Wednesday, September 4, 2019

Autonomy versus Responsibility: A critique of Nuremberg Essay examples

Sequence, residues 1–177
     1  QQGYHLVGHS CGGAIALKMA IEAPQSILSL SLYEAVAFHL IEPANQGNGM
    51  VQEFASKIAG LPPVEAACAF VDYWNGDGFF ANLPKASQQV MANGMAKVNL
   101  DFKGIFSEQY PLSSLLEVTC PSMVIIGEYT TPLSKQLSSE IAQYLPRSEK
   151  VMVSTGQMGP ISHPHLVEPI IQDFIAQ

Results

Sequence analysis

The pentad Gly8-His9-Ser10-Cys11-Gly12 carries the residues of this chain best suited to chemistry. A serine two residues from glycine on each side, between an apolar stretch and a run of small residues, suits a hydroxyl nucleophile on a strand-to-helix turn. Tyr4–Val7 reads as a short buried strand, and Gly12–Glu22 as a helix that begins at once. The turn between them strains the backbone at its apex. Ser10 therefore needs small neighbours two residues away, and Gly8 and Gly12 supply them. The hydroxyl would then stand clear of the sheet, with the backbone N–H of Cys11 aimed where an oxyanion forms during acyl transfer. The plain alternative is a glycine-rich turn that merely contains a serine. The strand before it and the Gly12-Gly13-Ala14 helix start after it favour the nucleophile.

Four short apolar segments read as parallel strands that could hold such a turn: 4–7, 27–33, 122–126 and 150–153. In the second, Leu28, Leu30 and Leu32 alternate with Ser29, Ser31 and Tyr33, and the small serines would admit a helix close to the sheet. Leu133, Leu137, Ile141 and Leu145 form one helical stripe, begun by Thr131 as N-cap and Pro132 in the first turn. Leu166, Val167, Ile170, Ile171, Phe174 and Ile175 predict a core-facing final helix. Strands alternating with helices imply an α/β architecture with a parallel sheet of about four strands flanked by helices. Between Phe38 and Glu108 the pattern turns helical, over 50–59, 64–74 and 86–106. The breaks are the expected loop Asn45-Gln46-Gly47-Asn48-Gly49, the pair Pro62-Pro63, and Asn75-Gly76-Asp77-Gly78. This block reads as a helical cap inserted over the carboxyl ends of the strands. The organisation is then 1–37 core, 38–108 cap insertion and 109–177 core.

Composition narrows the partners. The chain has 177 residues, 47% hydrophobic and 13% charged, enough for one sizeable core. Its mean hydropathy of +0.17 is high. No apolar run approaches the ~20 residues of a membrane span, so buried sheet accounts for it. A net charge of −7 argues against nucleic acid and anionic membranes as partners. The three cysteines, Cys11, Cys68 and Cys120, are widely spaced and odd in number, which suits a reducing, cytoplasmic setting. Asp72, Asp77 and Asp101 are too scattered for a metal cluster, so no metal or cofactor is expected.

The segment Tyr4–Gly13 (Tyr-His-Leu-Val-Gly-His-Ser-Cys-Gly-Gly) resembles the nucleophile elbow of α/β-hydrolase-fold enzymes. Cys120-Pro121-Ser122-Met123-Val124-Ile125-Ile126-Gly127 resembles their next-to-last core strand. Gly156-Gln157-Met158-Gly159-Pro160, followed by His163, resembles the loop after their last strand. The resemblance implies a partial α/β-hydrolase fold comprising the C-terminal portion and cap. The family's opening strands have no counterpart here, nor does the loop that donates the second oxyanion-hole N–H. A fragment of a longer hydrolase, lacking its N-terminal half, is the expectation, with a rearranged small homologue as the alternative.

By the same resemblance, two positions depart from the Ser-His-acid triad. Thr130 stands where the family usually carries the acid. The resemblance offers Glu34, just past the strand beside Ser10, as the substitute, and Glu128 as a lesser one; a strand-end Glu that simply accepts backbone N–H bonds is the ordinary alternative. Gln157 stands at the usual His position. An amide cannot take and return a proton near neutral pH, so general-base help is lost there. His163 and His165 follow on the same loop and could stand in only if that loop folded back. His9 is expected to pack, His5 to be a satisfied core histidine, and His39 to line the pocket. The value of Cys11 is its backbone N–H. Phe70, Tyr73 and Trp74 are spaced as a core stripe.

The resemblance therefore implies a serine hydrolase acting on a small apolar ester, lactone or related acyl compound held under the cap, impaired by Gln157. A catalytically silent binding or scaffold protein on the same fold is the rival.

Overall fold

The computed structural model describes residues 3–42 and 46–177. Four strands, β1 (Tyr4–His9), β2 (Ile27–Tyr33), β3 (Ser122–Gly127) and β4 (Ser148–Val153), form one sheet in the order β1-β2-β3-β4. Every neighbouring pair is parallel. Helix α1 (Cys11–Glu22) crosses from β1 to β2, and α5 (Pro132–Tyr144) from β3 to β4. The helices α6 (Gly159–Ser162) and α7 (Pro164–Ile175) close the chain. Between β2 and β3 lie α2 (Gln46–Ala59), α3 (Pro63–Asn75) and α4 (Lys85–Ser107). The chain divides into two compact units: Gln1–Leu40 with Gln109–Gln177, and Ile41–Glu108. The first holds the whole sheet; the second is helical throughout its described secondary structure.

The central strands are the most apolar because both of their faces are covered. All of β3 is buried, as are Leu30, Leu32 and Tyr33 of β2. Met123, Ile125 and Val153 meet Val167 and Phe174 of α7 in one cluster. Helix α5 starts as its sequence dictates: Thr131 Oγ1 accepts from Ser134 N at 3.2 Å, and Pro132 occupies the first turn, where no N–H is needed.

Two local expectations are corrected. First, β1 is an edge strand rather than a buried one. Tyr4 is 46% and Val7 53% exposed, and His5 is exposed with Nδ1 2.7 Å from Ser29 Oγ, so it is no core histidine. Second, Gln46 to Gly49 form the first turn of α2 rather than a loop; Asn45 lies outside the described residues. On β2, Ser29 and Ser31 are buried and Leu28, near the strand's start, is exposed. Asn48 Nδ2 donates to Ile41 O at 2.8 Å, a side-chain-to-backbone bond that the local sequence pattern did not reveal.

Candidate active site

Autonomy versus Responsibility: A critique of Nuremberg "This case is unusual in that the defendants are charged with crimes committed in the name of the law†¦." ( United States 31) So began Brigadier General Taylor in his opening statement against a selection of German jurists after the Second World War. This trial, United States of America against Josef Altstoetter et al., commonly referred to as the "Justice Case" because all of the defendants were somehow attached to the Nazi judicial system, was unusual, for as Taylor continued: These men, together with their deceased or fugitive colleagues, were the embodiment of justice in the Third Reich. Most of the defendants have served, at various times, as judges, as state prosecutors, and as officials and as officials in the Reich Ministry of Justice. All but one are professional jurists; they are all well accustomed to courts and courtrooms., though their present role may be new to them. But a court is far more than a courtroom; it is a process and a spirit. It is a house of law. This the defendants know, or must have known in times past. I doubt that they ever forgot it. Indeed the root of the accusation here is that those men, leaders of the German judicial consciously and deliberately surpressed the lawengaged in a brutish tyranny disguised as justice, and conveted the German judicial system to an engine of despotism, conquest, pillage and slaughter. The methods by which these crimes were committed may be novel in some respects, but the crimes themselves are not. They are as old as mankind, and their names are murder, torture, plunder and others equally familiar. The victims of these crimes are countless, and they include nationals of practically eve... ... is analyzed: that judges are responsible for the laws they enforce, and therefore must act with complete autonomy while they sit on the bench, recognizing not only written law, but also the unwritten moral law of man. Secondly, no nation is autonomous, they are all bound to accept responsibility before mankind as a whole. Finally, even the law itself is responsible to a higher, moral law that is universal. With this one case, America forever stepped away from the philosophical tenets of autonomous isolationism. Works Cited: - Bosh, William J. Judgment on Nuremberg. Chapel Hill NC: University of North Carolina Press, 1970 - United States. Nuernberg Military Tribunals. Trial of War Criminals Before the Nuerenberg Military Tribunals Under Control Council Law No. 10 Nuerenberg October 1946-April 1949 Volume III. Washington: GPO, 1951

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